National PTSD Screening Day is an important part of PTSD Awareness Month. On this day, mental health advocates and organizations come together to urge trauma survivors and those affected by trauma to undergo screening for post-traumatic stress disorder (PTSD).

Without screening, individuals with PTSD may not be aware of PTSD treatment in Florida and may struggle to overcome their symptoms. This can lead to serious complications such as depression, substance abuse, and even suicide. This June 27th, we want to encourage anyone affected by a traumatic experience to get screened.

This blog will provide information about PTSD screenings, how to raise awareness about PTSD screenings, and resources to help you find a screening location near you.

image representing a man searching for PTSD screeningLearn About PTSD and Share What You Know

One way to raise awareness about post-traumatic stress disorder is to become familiar with its signs and symptoms.

First, it’s important to know that not everyone who experiences trauma develops post-traumatic stress disorder. Some people may avoid speaking about the traumatic experience they’ve had or isolate themselves for a short time to come to terms with what happened. However, individuals with post-traumatic stress disorder continue to isolate themselves and experience anxiety surrounding the event long after it’s over.

Why some people develop post-traumatic stress disorder and others don’t isn’t fully understood, but what we do know is that everyone processes trauma differently. In individuals with PTSD, traumatic memories are stored in short-term memory rather than long-term memory. This can cause the memories to resurface frequently, leading to symptoms of post-traumatic stress disorder.

These symptoms include:

  • Avoiding anything that reminds them of the event
  • Having frequent flashbacks of the event
  • Experiencing difficulty concentrating or thinking
  • Feeling on edge or easily startled
  • Having anxiety or panic attacks
  • Feeling depressed or in a low mood more often than not
  • Recurring nightmares or sleep disturbances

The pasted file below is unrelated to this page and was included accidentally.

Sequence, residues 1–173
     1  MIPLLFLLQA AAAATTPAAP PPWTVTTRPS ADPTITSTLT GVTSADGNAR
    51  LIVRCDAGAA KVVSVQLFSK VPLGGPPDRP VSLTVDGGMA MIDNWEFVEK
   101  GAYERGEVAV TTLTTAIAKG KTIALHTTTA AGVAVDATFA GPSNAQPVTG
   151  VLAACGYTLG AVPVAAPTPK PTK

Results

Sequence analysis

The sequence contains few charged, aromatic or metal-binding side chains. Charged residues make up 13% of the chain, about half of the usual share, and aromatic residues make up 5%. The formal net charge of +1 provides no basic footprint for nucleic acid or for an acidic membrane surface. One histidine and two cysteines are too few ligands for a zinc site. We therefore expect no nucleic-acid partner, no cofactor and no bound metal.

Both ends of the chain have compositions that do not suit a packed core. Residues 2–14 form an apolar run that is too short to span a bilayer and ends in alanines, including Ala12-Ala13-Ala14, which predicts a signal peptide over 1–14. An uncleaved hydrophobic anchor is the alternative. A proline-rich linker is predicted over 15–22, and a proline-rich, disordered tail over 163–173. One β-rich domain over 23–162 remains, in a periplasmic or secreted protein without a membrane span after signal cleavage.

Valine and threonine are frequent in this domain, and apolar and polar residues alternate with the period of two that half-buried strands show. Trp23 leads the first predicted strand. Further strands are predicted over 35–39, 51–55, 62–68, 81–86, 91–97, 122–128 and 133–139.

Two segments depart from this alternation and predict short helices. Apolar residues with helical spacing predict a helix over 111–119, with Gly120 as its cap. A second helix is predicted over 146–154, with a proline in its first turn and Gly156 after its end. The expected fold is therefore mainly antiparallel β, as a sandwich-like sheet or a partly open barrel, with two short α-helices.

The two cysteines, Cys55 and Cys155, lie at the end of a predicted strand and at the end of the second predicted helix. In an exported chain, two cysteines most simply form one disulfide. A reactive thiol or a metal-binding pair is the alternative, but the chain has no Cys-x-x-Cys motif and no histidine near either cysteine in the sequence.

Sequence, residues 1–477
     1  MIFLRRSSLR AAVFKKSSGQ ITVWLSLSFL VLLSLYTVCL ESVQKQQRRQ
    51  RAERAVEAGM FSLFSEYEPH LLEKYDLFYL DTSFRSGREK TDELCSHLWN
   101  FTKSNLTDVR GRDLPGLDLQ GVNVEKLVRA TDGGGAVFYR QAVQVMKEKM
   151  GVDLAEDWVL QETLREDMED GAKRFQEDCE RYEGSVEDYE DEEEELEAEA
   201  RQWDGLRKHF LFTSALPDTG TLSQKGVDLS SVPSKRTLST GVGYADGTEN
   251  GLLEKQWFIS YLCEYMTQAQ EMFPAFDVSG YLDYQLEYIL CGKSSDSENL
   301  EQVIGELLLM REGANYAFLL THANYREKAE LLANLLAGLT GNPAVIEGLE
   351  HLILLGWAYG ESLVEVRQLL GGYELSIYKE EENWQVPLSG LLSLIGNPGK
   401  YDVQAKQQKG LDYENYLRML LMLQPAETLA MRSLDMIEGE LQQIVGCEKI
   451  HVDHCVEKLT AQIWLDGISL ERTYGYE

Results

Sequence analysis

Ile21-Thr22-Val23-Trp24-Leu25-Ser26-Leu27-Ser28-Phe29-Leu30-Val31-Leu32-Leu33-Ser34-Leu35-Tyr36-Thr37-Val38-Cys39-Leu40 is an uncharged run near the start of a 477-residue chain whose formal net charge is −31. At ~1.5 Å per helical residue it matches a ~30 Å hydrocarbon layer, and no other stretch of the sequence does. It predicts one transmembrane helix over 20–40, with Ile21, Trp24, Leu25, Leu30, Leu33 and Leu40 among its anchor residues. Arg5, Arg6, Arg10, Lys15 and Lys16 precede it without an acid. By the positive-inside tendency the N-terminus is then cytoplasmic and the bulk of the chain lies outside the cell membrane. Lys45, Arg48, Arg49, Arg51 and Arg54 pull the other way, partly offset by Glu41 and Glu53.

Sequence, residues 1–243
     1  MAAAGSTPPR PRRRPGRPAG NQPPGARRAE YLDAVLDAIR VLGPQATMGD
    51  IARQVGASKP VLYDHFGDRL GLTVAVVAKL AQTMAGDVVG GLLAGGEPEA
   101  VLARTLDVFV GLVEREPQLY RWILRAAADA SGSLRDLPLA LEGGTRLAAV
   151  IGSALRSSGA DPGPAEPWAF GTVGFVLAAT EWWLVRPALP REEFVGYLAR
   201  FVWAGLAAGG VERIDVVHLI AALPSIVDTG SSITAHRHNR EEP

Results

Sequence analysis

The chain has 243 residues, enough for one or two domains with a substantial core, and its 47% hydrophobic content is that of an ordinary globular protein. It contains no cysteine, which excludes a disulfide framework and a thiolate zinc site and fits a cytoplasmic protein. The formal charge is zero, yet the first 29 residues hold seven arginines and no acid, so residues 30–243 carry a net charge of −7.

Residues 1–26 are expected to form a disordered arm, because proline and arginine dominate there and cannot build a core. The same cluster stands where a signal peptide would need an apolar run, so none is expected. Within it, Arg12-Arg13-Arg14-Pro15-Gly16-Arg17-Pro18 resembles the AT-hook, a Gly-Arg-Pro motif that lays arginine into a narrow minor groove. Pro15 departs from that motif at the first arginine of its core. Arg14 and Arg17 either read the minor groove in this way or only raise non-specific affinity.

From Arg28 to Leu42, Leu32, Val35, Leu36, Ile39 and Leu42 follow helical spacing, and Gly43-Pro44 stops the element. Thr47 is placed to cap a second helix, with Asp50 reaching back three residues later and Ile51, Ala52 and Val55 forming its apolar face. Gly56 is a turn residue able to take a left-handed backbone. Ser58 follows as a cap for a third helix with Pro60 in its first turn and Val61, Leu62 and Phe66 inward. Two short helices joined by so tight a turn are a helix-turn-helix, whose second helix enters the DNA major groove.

• Having frequent mood swings

To learn more about post-traumatic stress disorder, as well as its symptoms and treatment options, visit the following resource:

Provide PTSD Educational Materials to Friends, Family, and Colleagues

family supporting a veteran with PTSD

Post-traumatic stress disorder (PTSD) is often misunderstood due to misconceptions surrounding the condition. Many people believe that PTSD only affects military veterans or individuals who have experienced extreme trauma. However, this is not the case.

PTSD can affect anyone, regardless of their occupation, and can even occur after witnessing or hearing about a traumatic event. Unfortunately, misconceptions prevent many people from getting the help they need to heal.

Raising awareness about post-traumatic stress disorder, including its symptoms, causes, and treatments, will help dispel these misconceptions.

There are many ways you can raise PTSD awareness.

For example:

  • Sharing posts from PTSD-dedicated social media pages
  • Posting PTSD fast facts on bulletin boards
  • Sharing links about post-traumatic stress disorder with friends through WhatsApp

Include PTSD Screening Resources

PTSD screening is not a method of diagnosis but rather an assessment tool used to determine whether a person is likely to have post-traumatic stress disorder. After taking a PTSD screening, one may need to consult a mental health specialist to receive an actual diagnosis.

When sharing information about post-traumatic stress disorder, it’s important to include details about PTSD screening locations. Most PTSD screenings are free and can be performed online or in person.

Popular PTSD screening resources include:

Encourage Your Loved Ones to Get Screened

loved ones encouraging someone to take PTSD screening and get treatment

If you know someone who has experienced trauma and is struggling to overcome it, suggest that they get screened for PTSD. This condition may start mild, but if left untreated, it can seriously impact a person’s physical and mental health. Moreover, untreated PTSD can contribute to the development of anxiety disorders, depression, or substance use disorders. Encourage your loved one to vent their feelings and get screened to reduce these risks.

Beyond PTSD Screening: PTSD Testing and Diagnosis

It’s important to remember that PTSD screening is a tool to help determine if someone is likely to have post-traumatic stress disorder, but it is not a diagnostic tool. You must be seen by a licensed therapist or medical practitioner to receive an actual assessment. They will conduct a mental health screening.

If you receive a PTSD diagnosis after taking this screening, you should begin treatment right away. The sooner you get into a treatment program, the sooner you will begin to feel better.

For information regarding PTSD treatments and support, contact Transformations Mending Fences today. We’re here to help you regain your peace of mind.